/ Unsolicited beta at Bouler UK (continued)

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MikeMarcus on 03 Mar 2019

The original thread has been archived so I’m starting a new one. 

I went back to BUK and it happened again. I was discussing the beta on a V3 with my girlfriend, and someone who was walking past overheard. In an instant he was on the route and flashing it while talking through each move as he went.

He didn’t give me the chance to tell him that I wanted to work out the beta for myself and when I told him post-flash that I really didn’t want unsolicited advice, he didn’t appear to understand my point of view.

I know many of you here don’t see this as problematic, but I boulder to become a better climber and part of that is learning to work out the sequence. If someone denies me the opportunity to do this, they’ve robbed me of the motivation to do the problem in question. 

It really is analogous to someone looking over my shoulder while I do a crossword,  telling me the answers before I’ve had a chance to work them out. Under these circumstances, there really is no point in doing the puzzle in the first place.

I hate to single out BUK but it’s happened on two out of three visits and I’ve never experienced it anywhere else. For reference I’ve probably been to nine or ten indoor centres and quite a number of crags in the Peak, Lake District, and Snowdonia. 

People may look at me taking three or four attempts to top a V3 and assume I’d benefit from their tuition, but a simple “do you want beta?” would have cleared things up.

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guy127917 - on 03 Mar 2019
In reply to MikeMarcus:

I understand your frustration. I've actually been thinking of making some t-shirts (or vests or beanies since we're talking about bouldering) saying 'take your unsolicited beta and f*ck off'. It would be better if the slogan had a pun in it, and if it was funny rather than offensive, but I think the message is clear at least. 

Post edited at 19:27
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mountain.martin - on 03 Mar 2019
In reply to MikeMarcus:

I'm sorry but for me this isn't a problem. When it has happened to me it doesn't bother me at all, and has usually ended up in a friendly conversation with someone I don't know. This friendly interaction has been more important to me that the loss of one boulder problem that will be changed next month anyway.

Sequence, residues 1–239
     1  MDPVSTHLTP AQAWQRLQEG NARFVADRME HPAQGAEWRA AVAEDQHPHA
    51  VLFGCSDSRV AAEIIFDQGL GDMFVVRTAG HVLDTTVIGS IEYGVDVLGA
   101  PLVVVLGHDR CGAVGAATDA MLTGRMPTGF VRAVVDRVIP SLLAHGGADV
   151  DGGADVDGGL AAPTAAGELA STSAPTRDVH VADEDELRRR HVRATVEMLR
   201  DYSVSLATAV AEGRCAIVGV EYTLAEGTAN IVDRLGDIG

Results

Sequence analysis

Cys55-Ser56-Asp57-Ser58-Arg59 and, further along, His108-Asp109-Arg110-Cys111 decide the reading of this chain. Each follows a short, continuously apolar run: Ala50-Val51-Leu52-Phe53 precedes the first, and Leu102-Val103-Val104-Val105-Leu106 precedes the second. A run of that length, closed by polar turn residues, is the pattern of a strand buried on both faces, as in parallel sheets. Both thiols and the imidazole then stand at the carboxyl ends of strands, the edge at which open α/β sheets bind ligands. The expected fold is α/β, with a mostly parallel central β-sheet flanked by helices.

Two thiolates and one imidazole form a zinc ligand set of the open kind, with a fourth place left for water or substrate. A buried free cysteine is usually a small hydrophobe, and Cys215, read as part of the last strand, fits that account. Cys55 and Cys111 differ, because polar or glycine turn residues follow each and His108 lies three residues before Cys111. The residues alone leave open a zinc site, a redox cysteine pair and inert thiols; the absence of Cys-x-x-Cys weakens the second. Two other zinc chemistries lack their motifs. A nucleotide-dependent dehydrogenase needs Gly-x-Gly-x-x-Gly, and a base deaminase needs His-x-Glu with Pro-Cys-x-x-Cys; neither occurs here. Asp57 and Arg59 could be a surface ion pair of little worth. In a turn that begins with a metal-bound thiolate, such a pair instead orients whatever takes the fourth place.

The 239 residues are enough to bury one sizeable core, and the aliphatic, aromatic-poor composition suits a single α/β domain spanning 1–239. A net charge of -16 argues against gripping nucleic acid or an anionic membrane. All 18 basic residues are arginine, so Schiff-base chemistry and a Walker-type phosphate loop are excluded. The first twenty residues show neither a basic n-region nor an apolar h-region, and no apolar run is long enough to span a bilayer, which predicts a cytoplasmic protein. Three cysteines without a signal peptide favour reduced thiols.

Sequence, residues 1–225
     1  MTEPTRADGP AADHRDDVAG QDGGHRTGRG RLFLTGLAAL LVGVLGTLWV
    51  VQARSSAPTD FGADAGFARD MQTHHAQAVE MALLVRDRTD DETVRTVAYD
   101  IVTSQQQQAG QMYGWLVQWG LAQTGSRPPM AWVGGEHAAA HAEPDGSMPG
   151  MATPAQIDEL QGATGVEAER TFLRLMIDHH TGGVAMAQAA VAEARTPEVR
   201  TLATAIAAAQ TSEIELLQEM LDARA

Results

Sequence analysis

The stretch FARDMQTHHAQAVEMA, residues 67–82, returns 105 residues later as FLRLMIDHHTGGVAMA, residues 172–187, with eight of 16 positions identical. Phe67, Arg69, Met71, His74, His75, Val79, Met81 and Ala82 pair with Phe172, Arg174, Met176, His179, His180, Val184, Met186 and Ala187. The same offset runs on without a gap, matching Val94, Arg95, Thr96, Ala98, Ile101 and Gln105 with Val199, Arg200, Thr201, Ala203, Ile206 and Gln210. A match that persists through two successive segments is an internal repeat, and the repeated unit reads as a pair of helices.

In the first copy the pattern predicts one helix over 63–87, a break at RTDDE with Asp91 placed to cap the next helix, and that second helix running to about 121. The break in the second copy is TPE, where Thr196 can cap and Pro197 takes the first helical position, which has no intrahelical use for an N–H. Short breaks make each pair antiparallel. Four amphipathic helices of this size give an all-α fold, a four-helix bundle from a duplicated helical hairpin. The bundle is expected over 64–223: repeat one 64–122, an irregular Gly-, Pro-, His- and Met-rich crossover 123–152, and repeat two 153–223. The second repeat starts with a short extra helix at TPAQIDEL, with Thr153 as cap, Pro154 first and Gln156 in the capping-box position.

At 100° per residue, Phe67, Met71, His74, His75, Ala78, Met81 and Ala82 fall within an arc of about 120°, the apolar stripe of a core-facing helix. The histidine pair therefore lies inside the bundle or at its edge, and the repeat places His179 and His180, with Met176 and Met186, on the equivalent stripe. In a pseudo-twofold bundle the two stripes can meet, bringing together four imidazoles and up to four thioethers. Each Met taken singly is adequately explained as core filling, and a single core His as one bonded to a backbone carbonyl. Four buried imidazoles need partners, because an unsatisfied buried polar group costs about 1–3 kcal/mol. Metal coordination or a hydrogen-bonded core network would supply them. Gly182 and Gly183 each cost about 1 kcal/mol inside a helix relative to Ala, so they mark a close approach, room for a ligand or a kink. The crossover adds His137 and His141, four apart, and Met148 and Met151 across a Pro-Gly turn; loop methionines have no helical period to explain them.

I agree it  would be more polite if they had asked if you would like beta but if it happens to you once in a visit you still have plenty of other problems to go at once you have told the offender that you would prefer not to have any more beta.

I have sometimes offered unasked for beta, as I feel that saying directly to someone "would you like some beta" could sound a bit condescending, in a way that a quick "have you tried it like this" might not.

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Ciro - on 03 Mar 2019
In reply to MikeMarcus:

A crossword clue had one answer, a boulder problem usually has at least a couple, even indoors. 

I find that improving my route reading is a lot about expanding my imagination about what moves I could actually pull off. IMO seeking out the tall person's beta, the short person's beta, the strong person's beta and the flexible persons beta and trying them all out will improve route reading skills far faster than working away at them on your own - if that's what you're after I suspect you may be holding yourself back.

Post edited at 20:38
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syv_k - on 03 Mar 2019
In reply to MikeMarcus:

Couldn’t you just have turned away from the wall and continued talking to your girlfriend, and then you would have missed the unwanted beta?